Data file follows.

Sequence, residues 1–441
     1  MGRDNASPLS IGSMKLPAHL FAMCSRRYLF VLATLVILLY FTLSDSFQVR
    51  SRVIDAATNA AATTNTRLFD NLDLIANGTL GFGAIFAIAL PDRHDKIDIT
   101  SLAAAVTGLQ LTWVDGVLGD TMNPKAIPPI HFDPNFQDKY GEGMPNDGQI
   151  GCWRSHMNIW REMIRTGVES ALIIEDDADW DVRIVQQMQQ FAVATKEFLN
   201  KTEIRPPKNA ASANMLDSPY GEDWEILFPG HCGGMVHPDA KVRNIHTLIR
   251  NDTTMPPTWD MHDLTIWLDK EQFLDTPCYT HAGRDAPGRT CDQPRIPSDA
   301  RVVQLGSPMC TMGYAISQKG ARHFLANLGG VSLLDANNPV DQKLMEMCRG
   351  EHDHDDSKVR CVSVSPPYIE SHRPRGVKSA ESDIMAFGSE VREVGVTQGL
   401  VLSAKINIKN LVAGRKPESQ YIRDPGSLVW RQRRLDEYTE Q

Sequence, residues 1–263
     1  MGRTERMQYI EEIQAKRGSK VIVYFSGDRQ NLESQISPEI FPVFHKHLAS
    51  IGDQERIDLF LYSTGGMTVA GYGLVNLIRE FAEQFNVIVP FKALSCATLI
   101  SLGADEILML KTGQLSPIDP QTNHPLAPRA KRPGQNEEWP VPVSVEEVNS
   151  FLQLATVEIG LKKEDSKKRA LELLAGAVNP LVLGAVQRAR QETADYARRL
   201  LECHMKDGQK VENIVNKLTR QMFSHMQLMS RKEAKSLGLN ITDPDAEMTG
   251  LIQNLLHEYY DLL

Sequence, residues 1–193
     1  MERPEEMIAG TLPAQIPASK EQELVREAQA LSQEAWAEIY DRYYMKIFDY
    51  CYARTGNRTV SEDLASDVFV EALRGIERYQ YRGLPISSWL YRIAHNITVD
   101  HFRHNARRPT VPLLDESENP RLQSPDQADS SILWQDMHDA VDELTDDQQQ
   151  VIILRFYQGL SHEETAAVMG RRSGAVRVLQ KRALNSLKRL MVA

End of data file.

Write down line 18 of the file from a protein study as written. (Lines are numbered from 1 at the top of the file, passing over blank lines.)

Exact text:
Sequence, residues 1–193